Today my mom put down a deposit to get on the waiting list for an innovative retirement community under construction at South Lake Union in downtown Seattle. If all goes as expected, sometime in 2009 she'll move into Mirabella. The community, which provides all levels of care from independent condo-style living to skilled nursing in private rooms, is run by a well-regarded non-profit that created the Rogue Valley Manor in Medford, OR. My mom and I toured one of the model apartments today, and it was absolutely gorgeous.
So much for today's look into the future.
And now, for today's look into the past:
The date's been set for an unusual reunion at the high school I attended in Northern Virginia. The event is based not on graduation year, but on common interests. Students from nearly 30 graduating classes will be gathering Oct. 27 to honor one of our teachers, a rather colorful woman who taught advanced placement English and journalism, and who sponsored the school newspaper and the cheerleading squad. (It may surprise you to hear that, although I took the journalism class, I was not on the newspaper -- in part, because I'd thrown my lot in with the rabblerousers running the underground newspaper. However, I was on the JV cheerleading squad. At the same time.)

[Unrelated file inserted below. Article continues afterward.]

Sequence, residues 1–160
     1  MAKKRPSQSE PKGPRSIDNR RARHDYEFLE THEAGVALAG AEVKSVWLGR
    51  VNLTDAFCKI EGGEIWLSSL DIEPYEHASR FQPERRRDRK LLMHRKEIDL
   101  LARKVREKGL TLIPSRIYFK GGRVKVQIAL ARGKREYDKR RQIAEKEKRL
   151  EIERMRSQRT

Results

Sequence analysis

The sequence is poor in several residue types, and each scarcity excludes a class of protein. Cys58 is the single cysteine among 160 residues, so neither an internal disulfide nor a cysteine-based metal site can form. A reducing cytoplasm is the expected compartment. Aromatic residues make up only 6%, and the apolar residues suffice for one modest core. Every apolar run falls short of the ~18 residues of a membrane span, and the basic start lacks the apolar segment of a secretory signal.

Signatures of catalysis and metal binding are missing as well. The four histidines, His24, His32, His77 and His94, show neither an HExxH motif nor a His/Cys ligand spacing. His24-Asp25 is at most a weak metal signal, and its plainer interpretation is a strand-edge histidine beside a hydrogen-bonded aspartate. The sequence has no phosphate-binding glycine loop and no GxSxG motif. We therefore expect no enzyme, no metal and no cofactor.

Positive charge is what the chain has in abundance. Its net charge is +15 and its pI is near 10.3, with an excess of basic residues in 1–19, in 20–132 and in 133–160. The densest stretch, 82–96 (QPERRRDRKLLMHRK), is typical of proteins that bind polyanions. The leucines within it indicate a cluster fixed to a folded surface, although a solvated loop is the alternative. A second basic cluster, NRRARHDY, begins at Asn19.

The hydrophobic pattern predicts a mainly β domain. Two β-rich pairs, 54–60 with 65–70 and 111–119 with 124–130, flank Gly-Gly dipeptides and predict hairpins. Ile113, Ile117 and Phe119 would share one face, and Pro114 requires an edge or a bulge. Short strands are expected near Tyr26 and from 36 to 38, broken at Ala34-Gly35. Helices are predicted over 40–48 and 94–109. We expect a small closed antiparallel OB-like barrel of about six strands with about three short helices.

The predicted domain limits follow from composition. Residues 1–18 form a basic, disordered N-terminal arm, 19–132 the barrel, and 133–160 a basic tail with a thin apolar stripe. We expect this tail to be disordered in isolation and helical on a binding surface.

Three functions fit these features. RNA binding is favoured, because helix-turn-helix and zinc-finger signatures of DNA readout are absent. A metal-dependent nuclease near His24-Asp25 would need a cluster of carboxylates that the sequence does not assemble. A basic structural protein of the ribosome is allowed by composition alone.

I've had some involvement with the folks organizing the reunion, and it's been fascinating to watch the generations in action. The women from the 1960s classes are very clear about email and conference calls, but are pretty much clueless about how they could have used things like Classmates and Evite to communicate. The folks from the 1970s classes are more digitally aware, but not as eager to take charge of anything. And the folks from the 1980s classes have initial energy, but don't have the patience to do the sleuthing and grunt work the 1960s organizers believe is the way to organize the event.
So be it.
At any rate, we've got a date, we've got a banquet hall, and we've got a invitation list. I've got a fabulous dress, and a plane reservation. This should be a hoot.